[Wine] Crazy (and just maybe awesome) idea: Winux
jjmckenzie51 at earthlink.net
Wed Mar 10 19:20:06 CST 2010
> James McKenzie
>> Actually, if a Linux or Windows system gets 'infected' it gets 'blown
>> away'. That is because you cannot ever be certain that all affected
>> files were removed, no matter what OS. Now, you can image any OS and
>> 'blow' it onto an empty hard drive. This is done all the time in
>> industry. The point is that there is a complete product suite to
>> monitor Windows systems, called SCCM/SCOM. I don't know of a similar
>> product for Linux, but there has to be one. This is where money is
>> really made....
> Myths again. There is more than 1 way to clear a system ie blow it away. Linux you can compare all application files install on a system to packages they came from and user data to backups and user data threw executable code clearing. Ie only stuff without macros scripts... left. It kinda impossible to sneak past a binary compare audit. This can be done due to Linux's package management. This is boot loaders kernels libs everything.
I'm not disputing what you are saying. I'm studying for my CISSP and I
have over 20 years of playing around with computers (try 29 to be
exact). However, the ONLY sure way to entirely remove a virus is to
junk the computer and get another one. That being said, you really
don't expect a company with 500+ computers to do this. The next best
thing is to hit up the computer stores and get enough hard drives to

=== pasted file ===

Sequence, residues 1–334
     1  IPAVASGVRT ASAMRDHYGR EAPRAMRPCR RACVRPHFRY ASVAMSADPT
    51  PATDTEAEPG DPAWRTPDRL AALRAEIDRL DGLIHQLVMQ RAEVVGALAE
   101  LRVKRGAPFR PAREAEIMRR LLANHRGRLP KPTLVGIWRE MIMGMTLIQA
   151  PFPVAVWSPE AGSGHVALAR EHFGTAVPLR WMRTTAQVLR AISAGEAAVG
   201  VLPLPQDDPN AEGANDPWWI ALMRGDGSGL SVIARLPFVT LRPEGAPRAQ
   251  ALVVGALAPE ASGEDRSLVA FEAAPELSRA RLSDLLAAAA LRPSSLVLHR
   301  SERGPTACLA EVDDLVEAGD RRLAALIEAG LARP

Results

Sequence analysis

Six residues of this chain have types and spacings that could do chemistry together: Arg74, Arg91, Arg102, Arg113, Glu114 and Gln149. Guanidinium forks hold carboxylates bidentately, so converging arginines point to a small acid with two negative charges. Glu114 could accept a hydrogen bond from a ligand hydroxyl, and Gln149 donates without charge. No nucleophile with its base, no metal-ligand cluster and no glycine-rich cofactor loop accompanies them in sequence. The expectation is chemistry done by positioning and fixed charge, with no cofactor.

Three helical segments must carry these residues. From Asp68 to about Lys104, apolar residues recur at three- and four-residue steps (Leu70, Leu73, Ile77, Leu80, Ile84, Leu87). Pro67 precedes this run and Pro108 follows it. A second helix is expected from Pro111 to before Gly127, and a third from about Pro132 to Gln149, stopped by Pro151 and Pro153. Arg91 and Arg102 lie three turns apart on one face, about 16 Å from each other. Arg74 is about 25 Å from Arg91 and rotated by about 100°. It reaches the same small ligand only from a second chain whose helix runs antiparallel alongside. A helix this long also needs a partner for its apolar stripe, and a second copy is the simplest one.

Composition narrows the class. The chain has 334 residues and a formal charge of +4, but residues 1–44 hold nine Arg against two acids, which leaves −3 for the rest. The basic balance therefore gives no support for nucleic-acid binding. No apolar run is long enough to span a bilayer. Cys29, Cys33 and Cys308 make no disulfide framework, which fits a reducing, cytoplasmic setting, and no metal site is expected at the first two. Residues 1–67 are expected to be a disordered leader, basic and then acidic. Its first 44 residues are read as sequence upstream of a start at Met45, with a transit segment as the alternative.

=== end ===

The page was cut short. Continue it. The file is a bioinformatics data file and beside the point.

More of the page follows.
replace those in the infected machines and swap them out and build new
> All altered files from the infected system can be archived. Ie the reduces the size of the data to backup from an infected system to prevent the infection causing data loss.
HUH? You should NEVER backup an infected file. However what you are
suggesting is NOT a best practice, by far. You replace the drive,
reload and recover from a non-infected backup.
Best practice is to pull the hard drive from a live system (this can be
done.) Then you replace the drive, build on top and restore, restore,
restore. This is what I did when I was infected. Sadly, I had to run
through three backups before all was well.
And yes, you can figure out what files belong to what application. When
you are talking industry, we don't have the time. If you fail, you have
less than 24 hours to be back up. Otherwise and unless you occupy a
real niche, you might as well close down completely. 9/11/2001 taught a
lot of companies this lesson.
As to using Wine, it is not a sandbox. Thus you can get a Windows virus
or worm infection and keep on keeping on. Thus some sort of Windows
based AV is necessary until the solution you stated is ready, tested and
The OP does and continues to have a valid point. What good is Wine if
it emulates WindowsXP too good and it cannot stop the bad guys from
continuing to spread their 'badness'? The simple explanation is that we
are dealing with a broken operating system that is like a good sieve.
It stops only the big chunks of food, but the 'water' will flow
through. The best program is user education. That stops 99% of the
badness from getting through. Sort of like adding several layers of
cheesecloth to the sieve.
BTW, in the early 1990s, NSA rated Window NT 3.51 SP 2 as safe. All you
had to do is remove the NIC, floppy and CD drives. No USB transmission
was allowed, No modems. Basically no outside connections of any kind.
In this day, this would not be a very productive machine.
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